By connecting the 314,200 households will result in over 1,571,000 Kenyans accessing power.

In this regard, Kenya Power has identified 5,320 transformers located in the 47 counties for the implementation of the first phase of the project with design scheduled to begin in September 2015, while the actual construction is scheduled to begin within three months of completion of the Design Works. 

Selection of the distribution transformers for the Last Mile project was based on the Government Constituency Development Fund criteria for resource allocation. To enhance regional balance where some constituencies don’t have enough transformers, their allocation was distributed within the same county.

Brief description of IDA funded project.


This Project will finance the design, materials and construction works required to electrify all households and businesses in selected high density peri urban areas located close to existing electricity networks at an estimated cost of US$153.5 Million.


The peri-urban settlements to be electrified will be in approximately 50 locations in seven geographical regions of the country. The locations were identified by KPLC and endorsed by the government. These will be formal settlements of low income households i.e., not informal settlements (slums). The actual settlement sites will be selected during design of the low voltage networks based on population density and their location close to existing electricity networks, in order to maximize the number of connections. In these geographic areas the Project would “sweep” the areas under the installed MV lines by Maximizing on the existing transformers, addition of new transformers, Low Voltage (LV) network and some MV lines.

The Project will comprise;

  • Construction of about 300 km of MV lines;
  • Installation of 1,000 distribution transformers;
  • Construction of about 12,500 km of single phase LV lines, 125,000No. service cables and installation of 200,000 energy meters to the respective households.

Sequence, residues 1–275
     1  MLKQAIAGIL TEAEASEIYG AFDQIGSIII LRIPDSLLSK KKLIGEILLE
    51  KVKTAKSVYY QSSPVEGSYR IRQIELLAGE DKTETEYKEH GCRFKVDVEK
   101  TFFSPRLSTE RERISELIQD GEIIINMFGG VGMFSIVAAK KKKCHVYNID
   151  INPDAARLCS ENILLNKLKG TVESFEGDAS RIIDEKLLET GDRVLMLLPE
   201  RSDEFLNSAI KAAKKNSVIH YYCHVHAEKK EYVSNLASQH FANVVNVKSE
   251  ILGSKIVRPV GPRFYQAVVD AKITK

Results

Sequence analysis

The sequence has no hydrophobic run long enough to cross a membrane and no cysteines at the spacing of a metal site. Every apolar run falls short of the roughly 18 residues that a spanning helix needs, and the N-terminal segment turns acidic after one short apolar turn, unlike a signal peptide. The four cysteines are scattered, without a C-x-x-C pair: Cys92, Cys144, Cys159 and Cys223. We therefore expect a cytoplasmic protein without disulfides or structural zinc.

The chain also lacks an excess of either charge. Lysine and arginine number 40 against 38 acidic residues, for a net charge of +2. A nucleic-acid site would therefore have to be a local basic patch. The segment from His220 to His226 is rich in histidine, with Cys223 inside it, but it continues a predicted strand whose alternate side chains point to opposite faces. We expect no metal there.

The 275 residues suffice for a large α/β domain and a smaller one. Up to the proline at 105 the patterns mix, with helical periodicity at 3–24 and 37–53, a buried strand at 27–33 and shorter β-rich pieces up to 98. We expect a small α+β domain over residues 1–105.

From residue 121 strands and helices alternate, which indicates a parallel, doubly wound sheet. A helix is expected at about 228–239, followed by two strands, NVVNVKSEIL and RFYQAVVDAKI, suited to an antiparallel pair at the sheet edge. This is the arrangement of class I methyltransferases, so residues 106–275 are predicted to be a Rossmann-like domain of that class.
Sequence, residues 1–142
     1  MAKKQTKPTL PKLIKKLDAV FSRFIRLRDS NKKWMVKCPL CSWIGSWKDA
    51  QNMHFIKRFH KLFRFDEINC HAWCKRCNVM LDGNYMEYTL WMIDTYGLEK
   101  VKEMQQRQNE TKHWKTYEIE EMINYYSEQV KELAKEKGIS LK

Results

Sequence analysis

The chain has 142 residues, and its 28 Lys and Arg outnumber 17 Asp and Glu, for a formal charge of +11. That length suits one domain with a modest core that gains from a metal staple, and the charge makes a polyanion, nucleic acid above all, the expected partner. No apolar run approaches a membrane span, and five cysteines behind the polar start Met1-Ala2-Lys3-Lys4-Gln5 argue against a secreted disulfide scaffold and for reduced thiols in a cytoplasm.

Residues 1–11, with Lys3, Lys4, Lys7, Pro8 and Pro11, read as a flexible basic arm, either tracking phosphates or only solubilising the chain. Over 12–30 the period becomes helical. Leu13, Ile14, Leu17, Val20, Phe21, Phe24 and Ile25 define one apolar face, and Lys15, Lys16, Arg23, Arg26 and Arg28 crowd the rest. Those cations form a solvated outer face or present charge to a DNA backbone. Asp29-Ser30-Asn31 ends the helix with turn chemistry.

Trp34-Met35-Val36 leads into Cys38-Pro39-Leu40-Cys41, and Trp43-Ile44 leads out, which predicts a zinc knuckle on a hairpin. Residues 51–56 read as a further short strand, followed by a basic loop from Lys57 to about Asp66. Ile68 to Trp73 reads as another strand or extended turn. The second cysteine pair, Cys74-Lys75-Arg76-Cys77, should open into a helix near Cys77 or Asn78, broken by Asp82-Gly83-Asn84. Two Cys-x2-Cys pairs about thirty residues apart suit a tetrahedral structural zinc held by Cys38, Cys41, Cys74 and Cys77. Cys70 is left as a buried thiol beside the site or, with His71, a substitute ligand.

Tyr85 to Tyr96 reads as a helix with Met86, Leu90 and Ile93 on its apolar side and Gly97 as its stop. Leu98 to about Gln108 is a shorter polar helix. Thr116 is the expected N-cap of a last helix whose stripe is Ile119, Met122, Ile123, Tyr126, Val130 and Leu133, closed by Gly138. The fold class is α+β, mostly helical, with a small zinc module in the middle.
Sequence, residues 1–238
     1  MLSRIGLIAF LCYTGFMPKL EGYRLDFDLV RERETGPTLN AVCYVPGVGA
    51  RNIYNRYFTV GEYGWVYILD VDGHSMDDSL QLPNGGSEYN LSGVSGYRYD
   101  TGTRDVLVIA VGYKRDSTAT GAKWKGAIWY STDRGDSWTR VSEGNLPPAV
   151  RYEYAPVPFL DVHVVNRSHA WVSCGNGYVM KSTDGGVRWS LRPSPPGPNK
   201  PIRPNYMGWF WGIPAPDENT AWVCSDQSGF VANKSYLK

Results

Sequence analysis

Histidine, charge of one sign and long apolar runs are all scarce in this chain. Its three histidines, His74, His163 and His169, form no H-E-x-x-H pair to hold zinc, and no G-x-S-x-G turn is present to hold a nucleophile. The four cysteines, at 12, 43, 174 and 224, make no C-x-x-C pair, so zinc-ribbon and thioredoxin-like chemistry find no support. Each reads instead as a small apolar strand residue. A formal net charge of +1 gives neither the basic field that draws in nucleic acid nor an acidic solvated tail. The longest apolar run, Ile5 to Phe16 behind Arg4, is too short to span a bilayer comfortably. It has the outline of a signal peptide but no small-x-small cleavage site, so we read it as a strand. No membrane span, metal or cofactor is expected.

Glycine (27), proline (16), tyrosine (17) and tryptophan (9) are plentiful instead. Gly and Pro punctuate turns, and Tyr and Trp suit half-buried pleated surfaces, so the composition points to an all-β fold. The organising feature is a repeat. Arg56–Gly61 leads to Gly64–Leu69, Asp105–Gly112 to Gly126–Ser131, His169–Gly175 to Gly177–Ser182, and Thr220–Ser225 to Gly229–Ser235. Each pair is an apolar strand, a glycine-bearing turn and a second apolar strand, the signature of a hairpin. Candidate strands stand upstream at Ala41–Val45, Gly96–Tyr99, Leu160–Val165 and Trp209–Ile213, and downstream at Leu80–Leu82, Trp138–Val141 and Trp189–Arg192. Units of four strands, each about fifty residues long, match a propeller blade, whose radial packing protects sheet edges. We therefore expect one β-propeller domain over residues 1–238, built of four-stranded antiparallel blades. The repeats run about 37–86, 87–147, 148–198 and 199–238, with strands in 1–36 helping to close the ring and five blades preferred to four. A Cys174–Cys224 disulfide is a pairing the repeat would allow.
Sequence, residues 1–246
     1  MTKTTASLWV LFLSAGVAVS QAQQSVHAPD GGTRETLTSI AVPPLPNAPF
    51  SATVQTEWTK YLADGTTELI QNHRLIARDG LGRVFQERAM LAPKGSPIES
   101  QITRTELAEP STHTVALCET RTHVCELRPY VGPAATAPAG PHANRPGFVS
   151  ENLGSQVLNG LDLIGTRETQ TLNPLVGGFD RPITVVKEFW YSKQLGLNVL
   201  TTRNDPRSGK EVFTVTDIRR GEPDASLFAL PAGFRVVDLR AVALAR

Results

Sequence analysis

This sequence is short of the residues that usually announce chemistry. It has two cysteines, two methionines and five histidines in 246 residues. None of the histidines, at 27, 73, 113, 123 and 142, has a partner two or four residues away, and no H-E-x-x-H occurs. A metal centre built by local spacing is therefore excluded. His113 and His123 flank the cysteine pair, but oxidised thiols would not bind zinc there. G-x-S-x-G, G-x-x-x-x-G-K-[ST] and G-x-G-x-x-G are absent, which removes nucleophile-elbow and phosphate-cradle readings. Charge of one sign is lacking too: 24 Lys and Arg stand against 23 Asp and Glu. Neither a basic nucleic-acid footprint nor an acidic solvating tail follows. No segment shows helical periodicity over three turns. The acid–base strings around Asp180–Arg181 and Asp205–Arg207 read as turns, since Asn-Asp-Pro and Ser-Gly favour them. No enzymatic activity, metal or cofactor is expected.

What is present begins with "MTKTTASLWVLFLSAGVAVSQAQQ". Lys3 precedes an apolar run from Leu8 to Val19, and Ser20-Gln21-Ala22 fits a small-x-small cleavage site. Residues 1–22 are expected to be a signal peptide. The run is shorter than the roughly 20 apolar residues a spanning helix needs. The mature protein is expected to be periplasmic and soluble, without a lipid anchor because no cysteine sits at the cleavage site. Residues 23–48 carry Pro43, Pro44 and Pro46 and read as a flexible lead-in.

• Procurement of Materials for connection of the new customers to grid supply.


It is estimated that a total of 125,000 new households will be connected to grid supply under this Project translating to an overall electricity access to 1.5Million Kenyans.

Expectation and Impacts

  1. Improved living standard for Kenyans.

Those who will be connected will enjoy clean lighting compared to kerosene lamps that generate hazardous fumes. This will lead to improved healthy nation reducing the burden on our hospitals 

  1. Job creation to Kenyans.

Since the project is being implemented concurrently in all counties it will demand a lot of labour hence generating jobs for large number of youths.

  1. Improved security

Communities that were once covered in darkness when the sun went down will now be lit up this will reduce crime, increase productive man hours and generally promote communities wellbeing. 

  1. Better access to information and communication.

Television and other internet connected devices i.e. mobile phones will improve access to information, the ability to study, and extend the effective working day.  This is more so because children can have extended time of study.

Reduction of carbon emissions hence saving our environment by reducing burning of carbon based fuels.